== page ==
- When you think you've finished a draft or a revision, while others are reading it or not, let it lie for at least two weeks, preferably a month or two. If you jump right back into it when you've just finished it, it will either be perfect to you or it will be crap. You need a little distance to look at it objectively. NEVER send off a novel or a book the day after you finished a major rework. Wait, read it again and clean up small stuff, but, if you find you need major rework, you'll need another cooling off period.
Now, to actually answer your questions.
I have completed three novels, all while working full time. Cumulatively, they have taken me 20 years. However, the first one is in serious need of a major rework. One is only on the second draft and one has gone through several major revisions and is, I think, "done". The "done" one, with all the reworking, took me twelve years. The first one, I worked on for about six years, off and on. This last one, complete with its first draft, less than two years. During the first two books, I took off multiple years several times. Life happens.
Note also that I work on eight or so novels at one time. While I have three completed drafts, I have 5-15 chapters completed in at least five other novels. I grow stale on one, I'm quite likely to switch to something new (or, heaven help me, a new novel).
Note however, that the first novel, in serious need of a rewrite, taught me a great deal about character development and dialog. The second helped me with plot and world-building. And, with each one, the first draft improved immeasurably from the first draft of the book before. I'm actually quite pleased with my newest novel despite it being in first draft form. That one, by the way, I wrote the first half (~50,000) in one week. I was inspired. I wrote like five more chapters than Vista ATE the whole thing (OFF the hard drive; I'd backed it up) and I had to reconstruct it. It was so disheartening, I didn't touch it for a year (oh, and I had a baby and revised the other "done" novel and started another one and got 12 chapters in).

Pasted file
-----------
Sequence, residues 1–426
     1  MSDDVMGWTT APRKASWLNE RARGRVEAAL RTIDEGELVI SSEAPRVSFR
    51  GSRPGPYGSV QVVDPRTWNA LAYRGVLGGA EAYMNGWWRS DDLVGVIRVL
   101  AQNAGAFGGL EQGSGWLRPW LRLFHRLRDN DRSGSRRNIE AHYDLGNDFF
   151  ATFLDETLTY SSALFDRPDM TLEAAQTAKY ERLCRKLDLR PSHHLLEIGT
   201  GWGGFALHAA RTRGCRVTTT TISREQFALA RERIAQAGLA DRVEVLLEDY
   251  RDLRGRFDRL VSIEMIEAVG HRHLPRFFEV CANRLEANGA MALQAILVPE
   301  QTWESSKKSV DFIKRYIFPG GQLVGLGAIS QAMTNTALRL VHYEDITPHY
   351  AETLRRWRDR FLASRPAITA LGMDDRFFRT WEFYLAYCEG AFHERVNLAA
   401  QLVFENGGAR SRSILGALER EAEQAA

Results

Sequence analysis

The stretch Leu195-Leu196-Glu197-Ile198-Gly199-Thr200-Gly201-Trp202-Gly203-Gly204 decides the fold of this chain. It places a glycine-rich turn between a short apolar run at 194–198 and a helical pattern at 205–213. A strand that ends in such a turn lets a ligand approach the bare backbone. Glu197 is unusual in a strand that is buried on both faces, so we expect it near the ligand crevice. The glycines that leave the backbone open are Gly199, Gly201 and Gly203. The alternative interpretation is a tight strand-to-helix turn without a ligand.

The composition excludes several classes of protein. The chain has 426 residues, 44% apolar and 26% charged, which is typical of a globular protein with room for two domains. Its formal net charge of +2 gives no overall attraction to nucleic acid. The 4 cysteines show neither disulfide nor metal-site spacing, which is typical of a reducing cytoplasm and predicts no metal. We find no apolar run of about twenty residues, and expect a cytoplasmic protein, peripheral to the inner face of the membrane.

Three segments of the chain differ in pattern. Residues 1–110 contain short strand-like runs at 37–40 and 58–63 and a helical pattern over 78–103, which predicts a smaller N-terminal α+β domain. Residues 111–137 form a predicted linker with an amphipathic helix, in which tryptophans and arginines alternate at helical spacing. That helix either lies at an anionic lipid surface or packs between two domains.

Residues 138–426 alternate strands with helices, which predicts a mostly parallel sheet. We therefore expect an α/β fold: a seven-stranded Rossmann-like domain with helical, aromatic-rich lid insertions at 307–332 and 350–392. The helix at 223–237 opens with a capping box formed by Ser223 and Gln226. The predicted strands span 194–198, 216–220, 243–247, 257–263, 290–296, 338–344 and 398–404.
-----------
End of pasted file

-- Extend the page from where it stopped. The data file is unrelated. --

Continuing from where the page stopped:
I write in spurts and don't write every day; for me, writing stale makes my work so bad I get disgusted and put it away, sometimes indefinitely. I don't use an outline, but think up characters in detail, then put them in situations that interest me than generally stand back. I sometimes make character cheatsheets, but usually to make sure I don't mess things up and change eye color or something. I often have ensemble casts so it's easier than you think to get mixed up. You will not be surprised to note that plot is still not my strong suit.
I tend to write along gangbusters until some plot twist comes along I didn't see (or I find a useful change) and then I'll stop moving forward and rework what I've already done to make it work. Many prefer many revisions, but only doing it as a whole. I really do both. I'm too anal to leave something I know is broken behind.
As for queries, there are many websites devoted to that kind of thing and it depends on whether you want to troll for an agent first or try your hand at publishers. There are advantages and disadvantages to both, but I think most publishers would tell you that, if you can get an agent, do so. Kinda like having a lawyer when going to court.
I hope that helped you. Remember, there are dozens of different ways and speeds to write. There are very successful authors that generate half a dozen books a year or more. Others take years for each. Pick your own speed.